- Date published:
7:52 am, September 16th, 2015 - 37 comments
Categories: benefits, class war, national, national/act government, same old national, you couldn't make this shit up - Tags: anne tolley, carmel sepuloni, david clendon, serco
In an unfortunate juxtaposition of events it has been shown that this Government is happy to write off debts properly owed to it by Serco but unwilling to pay debts properly owed by it to New Zealand social welfare beneficiaries.
Firstly Serco has been let off hundreds of thousands of dollars in fines imposed under its contract with the Government since the contract was signed. From Radio New Zealand:
It has been revealed in Parliament that private prison operator Serco has been let off hundreds of thousands of dollars in fines for serious contract breaches.
Mt Eden Prison is currently under the management of the Department of Corrections, while an official investigation is carried out into allegations of mismanagement by Serco.
Under questioning from Green Party corrections spokesperson David Clendon this afternoon, Corrections Minister Sam Lotu-liga spelt out the sum of Serco’s cancelled fines.
“Mr Speaker, since Serco took over management of Mt Eden Prison in 2011, I’m advised that Corrections has issued a total of 55 performance notices to Serco – seven have been withdrawn,” Mr Lotu-liga said.
“And the total amount of the withdrawals is $275,000.”
But it seems there are more fines that Serco has had cancelled and Mr Clendon asked the minister about one of them.
“Does the minister approve of Corrections’ decision to excuse the $100,000 fine that was imposed when Serco failed to take back razors that had been issued to prisoners, to inmates, if so why?” Mr Clendon asked.
Mr Lotu-liga responded that that was not one of the seven withdrawn fines he was referring too.
It is astounding that Lotu-Iiga did not know about the further forgiven fine. It makes you wonder how much effort was put into researching the answer.
And at the same time the Government is attempting to retrospectively change the law so that money it owes beneficiaries does not have to be paid. Again from Radio New Zealand:
Work and Income has underpaid some beneficiaries by a day for the last 18 years and the Government is now trying to change the law and wipe the arrears.
Advocates say the Government owes hundreds of thousands of people for one day’s benefit; leaving it with a bill which could stretch into the millions.
Work and Income was meant to pay from the day the stand-down ended – but had instead been starting the next day.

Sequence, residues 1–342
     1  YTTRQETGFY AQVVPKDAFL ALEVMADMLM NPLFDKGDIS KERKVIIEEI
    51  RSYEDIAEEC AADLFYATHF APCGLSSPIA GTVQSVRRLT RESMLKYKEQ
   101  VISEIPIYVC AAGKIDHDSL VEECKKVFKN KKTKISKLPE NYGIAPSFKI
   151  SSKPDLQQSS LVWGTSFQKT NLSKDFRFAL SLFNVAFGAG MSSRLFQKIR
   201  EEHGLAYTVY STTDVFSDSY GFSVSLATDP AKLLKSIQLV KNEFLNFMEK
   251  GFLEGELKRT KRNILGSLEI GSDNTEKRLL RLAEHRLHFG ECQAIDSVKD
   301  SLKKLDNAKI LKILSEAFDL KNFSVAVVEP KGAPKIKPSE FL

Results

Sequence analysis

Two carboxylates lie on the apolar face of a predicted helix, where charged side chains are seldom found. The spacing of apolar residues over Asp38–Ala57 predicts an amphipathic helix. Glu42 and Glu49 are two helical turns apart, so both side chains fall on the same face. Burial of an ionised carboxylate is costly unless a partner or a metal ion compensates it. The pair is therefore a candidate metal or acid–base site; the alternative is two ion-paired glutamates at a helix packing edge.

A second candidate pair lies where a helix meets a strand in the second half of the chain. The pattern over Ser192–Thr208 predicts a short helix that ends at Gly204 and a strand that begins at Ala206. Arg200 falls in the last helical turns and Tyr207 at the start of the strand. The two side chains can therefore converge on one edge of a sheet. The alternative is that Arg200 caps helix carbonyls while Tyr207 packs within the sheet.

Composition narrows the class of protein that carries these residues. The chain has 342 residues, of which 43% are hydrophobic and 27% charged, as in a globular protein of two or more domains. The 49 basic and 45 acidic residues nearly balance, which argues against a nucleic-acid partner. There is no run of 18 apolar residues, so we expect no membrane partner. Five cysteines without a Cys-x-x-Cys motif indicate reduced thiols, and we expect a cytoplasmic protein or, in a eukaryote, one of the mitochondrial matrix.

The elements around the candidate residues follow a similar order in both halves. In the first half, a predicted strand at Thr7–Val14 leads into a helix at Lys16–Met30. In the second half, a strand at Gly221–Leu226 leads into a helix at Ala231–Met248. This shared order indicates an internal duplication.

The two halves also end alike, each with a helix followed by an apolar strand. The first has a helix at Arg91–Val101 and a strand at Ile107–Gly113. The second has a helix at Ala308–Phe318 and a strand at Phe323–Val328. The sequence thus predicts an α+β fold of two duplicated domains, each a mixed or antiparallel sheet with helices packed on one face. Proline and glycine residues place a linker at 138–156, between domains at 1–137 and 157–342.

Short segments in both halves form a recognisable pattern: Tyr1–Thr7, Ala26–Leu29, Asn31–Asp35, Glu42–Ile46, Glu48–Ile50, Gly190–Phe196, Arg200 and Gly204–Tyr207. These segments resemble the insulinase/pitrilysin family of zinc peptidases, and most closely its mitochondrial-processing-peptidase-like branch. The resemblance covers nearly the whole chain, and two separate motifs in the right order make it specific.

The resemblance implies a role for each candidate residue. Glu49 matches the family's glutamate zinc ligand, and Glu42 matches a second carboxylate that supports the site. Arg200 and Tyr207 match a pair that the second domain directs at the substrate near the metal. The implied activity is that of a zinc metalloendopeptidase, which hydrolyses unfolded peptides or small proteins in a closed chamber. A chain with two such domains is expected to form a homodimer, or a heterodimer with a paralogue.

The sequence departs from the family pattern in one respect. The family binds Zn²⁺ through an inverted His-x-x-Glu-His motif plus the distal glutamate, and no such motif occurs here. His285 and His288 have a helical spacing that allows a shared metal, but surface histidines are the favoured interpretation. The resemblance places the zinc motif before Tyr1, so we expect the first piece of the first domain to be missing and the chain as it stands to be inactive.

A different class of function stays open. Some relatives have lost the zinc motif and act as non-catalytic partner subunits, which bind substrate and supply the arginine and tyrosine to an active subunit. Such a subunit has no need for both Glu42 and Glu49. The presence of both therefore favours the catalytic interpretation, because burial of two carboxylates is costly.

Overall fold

The Government is now trying to retrospectively change the payment date to the day after stand-down, and apply that back to 1998 when the law took effect.
Beneficiary advocate Kay Brereton said the Government now had a huge problem.
“This is almost every benefit that’s been granted in the last 18 years,” she said.
“For some people… they might have gone on and off the benefit a number of times. Every time they’ve gone on again, they’ve been short paid a day,” she said.
The change is hidden away in the Social Security (Extension of Young Persons Services and Remedial Matters) Amendment Bill. The reason for the change is said to be “correcting the legislation so a benefit commences on the day after a stand down period ends as opposed to the day on which the stand down period ends”.
This is a novel use of the word “correcting”. Because the current legislation clearly states that benefits commence on the date the stand down period ends. And it is only when you dig down into the Regulatory Impact Statement that you realise that the change is contentious and has a retrospective effect.
Anne Tolley thinks it is no big deal as only a day’s income is involved. To a beneficiary this is a fortune.
Labour’s Carmel Sepuloni was quoted as saying this:
How many are involved here? What numbers are we talking about?
They have an obligation to maintain transparency and make sure that we all are aware of what’s going on. They can’t just sneak through changes, without informing us about the reasons for doing that.”
Carmel’s comments are perfectly valid. This information is not in the Regulatory Impact Statement. You would think this would be the first piece of information researched.
So there we have it. Another example where a foreign corporation is let off paying money it actually owes and beneficiaries are denied money they are legally entitled to.
John Key’s Aotearoa, doncha love it…